Advantages to Becoming a Long-Term Care Nurse
Expanding employment and professional development prospects
Opportunity to develop long-term relationships with patients and their families
Acquisition of specialized skills to provide treatments and therapies for specific patient populations, e.g., the chronically-ill elderly, patients with Alzheimer's
Disadvantages to Becoming a Long-Term Care Nurse
Pressure to maintain and upgrade proficiencies in medication knowledge and other specialized treatments
Inadequate support dealing with patients suffering from complex conditions, due to understaffing and high patient caseloads
Occupation stress working with terminally ill patients and their families, leading to psychological problems and high levels of burnout
How to Become a Long-Term Care Nurse
Long-term care nurses must become licensed as registered nurses before they can enter the field. Although specific requirements vary by state, all nurses follow a similar educational path leading to an RN license.
Earn a Bachelor’s Degree in Nursing (BSN) or Associate Degree in Nursing (ADN)
Pass the NCLEX-RN Exam to Receive RN License
Gain Experience in Long-Term or Gerontology Care
Consider Earning Specialty Certification
How Much Do Long-Term Care Nurses Make?
As the U.S. population ages and the need for long-term care skyrockets, nurses entering this field will find ample employment opportunities and a promising salary outlook. While the U.S. Bureau of Labor Statistics projects a 9% increase in the overall employment of registered nurses from 2020 to 2030, they also expect greater than average job growth in facilities that provide care for the elderly, long-term rehabilitation facilities specializing in stroke and head injuries, and facilities that treat patients with Alzheimer's disease.
According to Payscale, as of November 2021, RNs with long-term care skills earn an average annual salary of $63,120. LTC nurses looking to advance their career may consider earning a master’s degree in nursing (MSN) to become a nurse practitioner. A national survey conducted by the American Association of Nursing Practitioners reports that NPs who work in long-term care facilities make an average annual base salary of $110,000. NPs in gerontology, gerontology acute care, and gerontology primary care earn salaries well above $100,000 a year.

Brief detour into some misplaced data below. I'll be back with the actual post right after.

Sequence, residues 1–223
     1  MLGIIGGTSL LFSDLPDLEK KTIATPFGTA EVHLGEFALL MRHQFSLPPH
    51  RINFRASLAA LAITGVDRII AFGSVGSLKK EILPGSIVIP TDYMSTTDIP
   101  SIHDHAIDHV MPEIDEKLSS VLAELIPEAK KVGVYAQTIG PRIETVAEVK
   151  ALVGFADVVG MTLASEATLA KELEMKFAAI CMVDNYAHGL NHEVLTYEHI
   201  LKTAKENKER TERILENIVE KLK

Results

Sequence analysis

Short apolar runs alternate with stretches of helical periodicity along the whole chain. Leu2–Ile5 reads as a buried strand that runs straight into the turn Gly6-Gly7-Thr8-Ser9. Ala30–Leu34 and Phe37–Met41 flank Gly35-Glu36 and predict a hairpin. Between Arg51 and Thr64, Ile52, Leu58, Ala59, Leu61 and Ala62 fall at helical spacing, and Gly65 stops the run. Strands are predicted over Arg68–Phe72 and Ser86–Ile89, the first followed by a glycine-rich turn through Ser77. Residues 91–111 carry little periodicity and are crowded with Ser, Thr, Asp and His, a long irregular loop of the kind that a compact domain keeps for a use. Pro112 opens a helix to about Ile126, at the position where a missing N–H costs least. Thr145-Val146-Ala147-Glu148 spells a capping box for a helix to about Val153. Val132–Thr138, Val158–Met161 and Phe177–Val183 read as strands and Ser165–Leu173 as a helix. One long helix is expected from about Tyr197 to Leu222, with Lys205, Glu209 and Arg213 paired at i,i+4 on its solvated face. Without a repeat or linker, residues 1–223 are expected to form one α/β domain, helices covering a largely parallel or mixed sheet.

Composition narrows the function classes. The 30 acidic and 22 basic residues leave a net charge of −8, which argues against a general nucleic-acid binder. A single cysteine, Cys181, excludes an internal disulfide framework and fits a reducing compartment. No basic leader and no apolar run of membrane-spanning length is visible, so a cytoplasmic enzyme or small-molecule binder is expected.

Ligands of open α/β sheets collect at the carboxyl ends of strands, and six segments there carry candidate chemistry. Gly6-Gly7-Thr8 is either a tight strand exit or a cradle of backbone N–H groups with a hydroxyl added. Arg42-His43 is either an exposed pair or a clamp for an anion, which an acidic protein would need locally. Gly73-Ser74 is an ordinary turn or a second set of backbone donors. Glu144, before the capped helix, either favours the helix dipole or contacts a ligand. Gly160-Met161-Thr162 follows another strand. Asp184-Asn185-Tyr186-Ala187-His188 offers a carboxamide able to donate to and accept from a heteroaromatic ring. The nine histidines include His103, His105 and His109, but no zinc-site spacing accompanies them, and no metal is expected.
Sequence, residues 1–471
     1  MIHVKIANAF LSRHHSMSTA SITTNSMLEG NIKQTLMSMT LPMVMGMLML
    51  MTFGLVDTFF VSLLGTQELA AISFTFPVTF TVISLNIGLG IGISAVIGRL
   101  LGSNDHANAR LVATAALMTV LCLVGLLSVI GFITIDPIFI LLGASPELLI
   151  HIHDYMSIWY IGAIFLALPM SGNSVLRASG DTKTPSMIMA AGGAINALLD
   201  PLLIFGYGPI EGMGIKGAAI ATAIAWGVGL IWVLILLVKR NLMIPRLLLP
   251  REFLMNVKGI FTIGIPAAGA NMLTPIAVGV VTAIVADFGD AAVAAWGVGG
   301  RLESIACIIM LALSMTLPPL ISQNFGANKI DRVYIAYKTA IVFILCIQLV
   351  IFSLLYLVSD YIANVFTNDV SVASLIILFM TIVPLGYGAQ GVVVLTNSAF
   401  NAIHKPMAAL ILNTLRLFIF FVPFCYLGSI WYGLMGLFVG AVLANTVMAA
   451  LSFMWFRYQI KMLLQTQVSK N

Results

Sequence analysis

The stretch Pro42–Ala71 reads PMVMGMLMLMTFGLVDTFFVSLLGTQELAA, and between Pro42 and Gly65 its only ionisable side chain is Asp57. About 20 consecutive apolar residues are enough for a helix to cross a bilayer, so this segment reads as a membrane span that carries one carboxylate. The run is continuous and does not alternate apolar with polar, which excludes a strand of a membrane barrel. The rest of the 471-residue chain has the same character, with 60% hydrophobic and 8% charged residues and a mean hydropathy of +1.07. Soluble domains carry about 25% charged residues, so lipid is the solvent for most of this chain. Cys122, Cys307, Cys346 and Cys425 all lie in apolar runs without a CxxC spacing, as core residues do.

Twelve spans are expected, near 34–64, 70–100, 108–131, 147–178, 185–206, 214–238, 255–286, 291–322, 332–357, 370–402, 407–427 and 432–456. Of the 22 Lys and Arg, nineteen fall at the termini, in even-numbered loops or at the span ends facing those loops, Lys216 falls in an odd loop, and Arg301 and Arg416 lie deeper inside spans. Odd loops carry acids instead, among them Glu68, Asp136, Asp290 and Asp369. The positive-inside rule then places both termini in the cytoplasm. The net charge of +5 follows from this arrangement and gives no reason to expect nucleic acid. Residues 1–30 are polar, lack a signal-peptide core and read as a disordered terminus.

Frequently Asked Questions About Long-Term Care Nurses
What is the difference between long-term care and hospice nursing?
LTC nursing facilities provide care to patients with chronic conditions who may live for several years with specialized treatment plans and accommodations. Hospice facilities provide end-of-life care to terminally ill patients. Hospice care is usually available to patients diagnosed to live for six months or less and who have run out of treatment options.
What types of conditions do long-term care nurses treat?
Long-term care nurses treat a variety of patients, including those with complex medical needs as well as those who need a moderate level of assistance with daily living. They provide stroke and cardiac care and work with patients recovering from injuries or surgeries. Many long-term care nurses specialize in cognitive conditions such as Alzheimer's disease and dementia or work exclusively with patients dealing with physical or mental disabilities.
What skills are important to succeed as a long-term care nurse?
In addition to maintaining their nursing skills through continuing education and professional development opportunities, the best long-term care nurses possess strong leadership and organizational skills and the ability to apply analytical and critical thinking skills to stressful clinical situations. Because of the collaborative nature of LTC nursing, these RNs must develop good communication and team-building skills.
What opportunities are there for advancement among long-term care nurses?
The fast growing market for long-term care has opened up many avenues for professional growth for nurses with specialized certifications and advanced degrees. Employers seek out nurses who hold in-demand certifications in fields like gerontology and pain management. In addition to clinical positions, long-term care nurses can also expect to move into administrative roles in skilled nursing and assisted living facilities.
Page Last Reviewed December 6, 2021